magic parlour

A screen shot from one of Dennis Watkins Magic Parlour Happy Hour.

Dennis Watkins wants to put some magic back in our lives.

After the COVID-19 pandemic shut down The Magic Parlour, the intimate magic shows he'd been doing on Friday and Saturday nights at the Palmer House Hilton Hotel for eight years (and before that for two years at the Chopin Theatre), the third-generation magician started brainstorming with his team about new ways to entertain people and to keep himself engaged in his craft.

The result was The Magic Parlour Happy Hour, a 45-minute, livestream magic performance he launched from his home studio on April 2. Modeled on the twice-weekly Encore Room, the even more intimate sessions that supplemented his five weekend shows at the Palmer House, the Happy Hour is scheduled to livestream with new material from his overall live repertoire every other Thursday. The first one included five pieces of magic, among them the shell game, Joe the Bellhop, and putting the string back together. There also was audience participation and a short Q & A.

But that's not all. With his nationwide corporate business also suspended, Watkins decided to add Magic Mondays to his online lineup on April 6. These are prerecorded, and the first one demonstrated a simple piece of magic—the coin through the table (with salt shaker and napkin)—then showed how it was done. The second, using his husband as a volunteer and their one-year-old son as a most adorable assistant, illuminated a bit of sleight-of-hand with a deck of cards that almost anyone can replicate.

“Unlike some magicians, I never really pursued on-camera magic because my shows depend so much on interacting with audiences,” Watkins explained, “but sharing some light and magic in a dark time really feels good to me.” The Happy Hour is for anyone, he said, while the Magic Mondays are meant to serve family audiences in a different way by keeping kids' and adults' imaginations engaged and active at the same time.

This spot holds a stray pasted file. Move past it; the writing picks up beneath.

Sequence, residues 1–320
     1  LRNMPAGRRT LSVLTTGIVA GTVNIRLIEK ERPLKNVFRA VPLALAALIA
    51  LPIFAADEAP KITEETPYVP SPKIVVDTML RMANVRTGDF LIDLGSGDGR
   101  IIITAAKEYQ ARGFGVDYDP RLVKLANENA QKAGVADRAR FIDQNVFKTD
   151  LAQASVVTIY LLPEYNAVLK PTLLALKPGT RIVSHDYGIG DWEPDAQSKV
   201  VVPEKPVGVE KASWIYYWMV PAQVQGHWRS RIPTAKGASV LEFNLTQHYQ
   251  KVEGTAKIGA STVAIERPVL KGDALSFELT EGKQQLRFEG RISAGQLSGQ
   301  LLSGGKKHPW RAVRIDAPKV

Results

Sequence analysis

“I struggled a bit with giving away trade secrets, which risks destroying the magic,” he said, “but I don't have qualms about divulging basic, fun tricks that aren't part of my routines or my colleagues'.”

Although Watkins was told that all he needed was a phone and the Internet to livestream, he found it wasn't so easy. “I wanted something polished and professional that would be as representative of my work and of The Magic Parlour as possible, so it had to have a good, clear picture and sound,” he said. “I went down the quarantine rabbit hole trying to create a small television studio without any tech help.”

Fortunately, the grandfather who taught him magic was a photographer too, and Watkins already had equipment like four big studio lights, microphones, and cameras. His setup uses three cameras on different tripods to shoot different angles, three monitors so he can see what the audience is seeing and the other camera angles on deck so he can turn them on and off, feed in from his assistant Marika Mashburn working from her home, his rehearsal close-up-magic table, and a teleprompter to keep him on script as he's flip-flopping cameras, performing the magic, and so on.

One challenge was figuring out how to bring in guest volunteers without the usual 30-second lag. Watkins said he did a test with comments on Facebook live, and there was a lag, so he went back to the drawing board and found a way to livestream Skype. “This wasn't the area of my expertise, but I was happy with the way it came together,” he said, “It's pretty close to replicating the Encore Room experience.”

A big difference, Watkins discovered, was the size of the audience. While guests at the Palmer House were limited to 50 for The Magic Parlour and only 12 for the Encore Room, close to 600 people attended the first livestream, and it had 4,500 views as of April 11. The first of the Magic Mondays has gotten 953 views so far. (They stay up on the Facebook page.) “I expected mostly locals and Magic Parlour veterans,” Watkins said, “but viewers have come from all over the world, which is pretty exciting.”

It probably doesn't hurt that the Facebook programs are completely free, and Watkins has no intention of changing that. He said it doesn't seem like the right time or place to try to monetize but hopes viewers will be encouraged to buy tickets to the Palmer House shows – when there are live shows to support.

He also said that the online feeds have helped him develop virtual magic shows for corporate and private customers that are turning into a revenue stream for his company. “I've already booked several with existing clients,” he reported. “As this pandemic goes on and we work our way through it, I'm hoping that this business will grow.”

Even when the pandemic ends, The Magic Parlour Happy Hour and Magic Mondays will continue for the foreseeable future. Watkins said he's also working on incorporating the part of his act that's the biggest question mark: mentalism. “It's possible to do some mind reading through the screen,” he insisted, “just a bit more difficult.”

As with the whole endeavor, Watkins' enthusiasm and energy are boundless. “I'm having a blast,” he said. “It's a compulsion, but I love magic so much I'm not capable of taking time off.”

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